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How do I account for the prepayment of Sales Tax?

I purchase large quantities of fuel in California, the sales tax is prepaid to the vendor. At the end of the quarter I file a sales tax return and calculate what I have already prepaid in sales tax for fuel. Should the pre-payment still be considered a liability or is it a prepaid asset which is then applied to the liability?

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Best answer 10-15-2018

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Sales tax paid is typically just a cost of the item being...

Sales tax paid is typically just a cost of the item being purchased unless that item is held as inventory.

If you are reselling fuel, then you can get a sales tax credit against that purchase (though typically you fill out hand to the vendor a reseller permit so he can sell to you sales tax free).  Book the sales tax amount as a sales tax paid expense, and later when you pay sales tax, you adjust the amount due by the expense amount for that reporting period - zeroing out the expense.

But, CA does have some weird rules, I would suggest you get with a state tax accountant and insure that you can take a sales credit for the purchase of fuel.  Last thing you want, is to do it wrong and incur a sales tax audit.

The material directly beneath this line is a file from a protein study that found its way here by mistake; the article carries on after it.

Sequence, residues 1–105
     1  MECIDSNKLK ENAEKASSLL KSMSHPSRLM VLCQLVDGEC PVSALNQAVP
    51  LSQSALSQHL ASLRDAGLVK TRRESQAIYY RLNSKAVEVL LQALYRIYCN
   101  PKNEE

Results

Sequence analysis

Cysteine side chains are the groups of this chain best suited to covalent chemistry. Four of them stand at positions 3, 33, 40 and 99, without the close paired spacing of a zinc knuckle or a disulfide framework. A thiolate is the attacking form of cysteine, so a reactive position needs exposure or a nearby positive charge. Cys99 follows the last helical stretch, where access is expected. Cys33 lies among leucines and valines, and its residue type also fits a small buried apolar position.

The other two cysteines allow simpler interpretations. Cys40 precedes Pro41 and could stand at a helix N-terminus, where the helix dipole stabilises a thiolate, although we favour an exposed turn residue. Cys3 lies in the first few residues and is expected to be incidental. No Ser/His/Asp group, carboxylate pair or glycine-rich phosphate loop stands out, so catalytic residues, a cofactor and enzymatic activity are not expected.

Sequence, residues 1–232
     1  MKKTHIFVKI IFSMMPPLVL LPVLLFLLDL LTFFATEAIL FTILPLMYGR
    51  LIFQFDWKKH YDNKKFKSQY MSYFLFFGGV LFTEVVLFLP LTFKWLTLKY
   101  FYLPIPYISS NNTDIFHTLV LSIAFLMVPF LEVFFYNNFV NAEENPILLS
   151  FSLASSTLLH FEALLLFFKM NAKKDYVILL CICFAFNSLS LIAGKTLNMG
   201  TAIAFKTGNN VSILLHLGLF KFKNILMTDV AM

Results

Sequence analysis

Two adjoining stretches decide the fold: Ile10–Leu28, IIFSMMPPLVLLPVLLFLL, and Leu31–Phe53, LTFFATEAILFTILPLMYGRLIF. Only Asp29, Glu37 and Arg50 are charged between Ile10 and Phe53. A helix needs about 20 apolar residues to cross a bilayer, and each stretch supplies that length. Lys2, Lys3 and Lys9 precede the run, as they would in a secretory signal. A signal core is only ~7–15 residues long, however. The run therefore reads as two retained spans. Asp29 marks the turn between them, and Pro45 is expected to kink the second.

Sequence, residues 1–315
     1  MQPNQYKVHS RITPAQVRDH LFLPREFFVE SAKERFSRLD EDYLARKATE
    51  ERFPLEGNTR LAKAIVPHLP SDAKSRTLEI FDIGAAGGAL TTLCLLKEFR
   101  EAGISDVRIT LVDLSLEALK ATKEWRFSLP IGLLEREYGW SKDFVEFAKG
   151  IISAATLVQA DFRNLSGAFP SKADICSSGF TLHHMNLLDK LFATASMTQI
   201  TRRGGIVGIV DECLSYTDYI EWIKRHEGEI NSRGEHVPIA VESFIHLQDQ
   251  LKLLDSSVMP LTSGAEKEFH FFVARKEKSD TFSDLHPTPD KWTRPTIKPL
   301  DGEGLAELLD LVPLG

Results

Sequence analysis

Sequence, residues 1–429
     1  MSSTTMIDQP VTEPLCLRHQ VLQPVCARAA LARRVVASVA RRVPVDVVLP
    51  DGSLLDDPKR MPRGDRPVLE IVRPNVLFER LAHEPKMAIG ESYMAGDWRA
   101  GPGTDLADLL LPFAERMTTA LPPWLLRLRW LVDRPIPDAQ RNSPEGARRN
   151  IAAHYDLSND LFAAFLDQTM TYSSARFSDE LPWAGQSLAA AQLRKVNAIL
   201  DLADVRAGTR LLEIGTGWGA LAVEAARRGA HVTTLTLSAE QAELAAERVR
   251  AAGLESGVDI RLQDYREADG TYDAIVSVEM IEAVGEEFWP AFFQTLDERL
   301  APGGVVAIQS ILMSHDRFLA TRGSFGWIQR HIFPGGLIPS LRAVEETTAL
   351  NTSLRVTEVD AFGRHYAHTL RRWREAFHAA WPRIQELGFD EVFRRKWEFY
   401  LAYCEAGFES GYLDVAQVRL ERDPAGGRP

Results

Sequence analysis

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Hi I am facing a similar issue. How did you got about it ?

Hi
I am facing a similar issue. How did you got about it ?
Established Community Backer ***

Sales tax paid is typically just a cost of the item being...

Sales tax paid is typically just a cost of the item being purchased unless that item is held as inventory.

If you are reselling fuel, then you can get a sales tax credit against that purchase (though typically you fill out hand to the vendor a reseller permit so he can sell to you sales tax free).  Book the sales tax amount as a sales tax paid expense, and later when you pay sales tax, you adjust the amount due by the expense amount for that reporting period - zeroing out the expense.

But, CA does have some weird rules, I would suggest you get with a state tax accountant and insure that you can take a sales credit for the purchase of fuel.  Last thing you want, is to do it wrong and incur a sales tax audit.

View solution in original post

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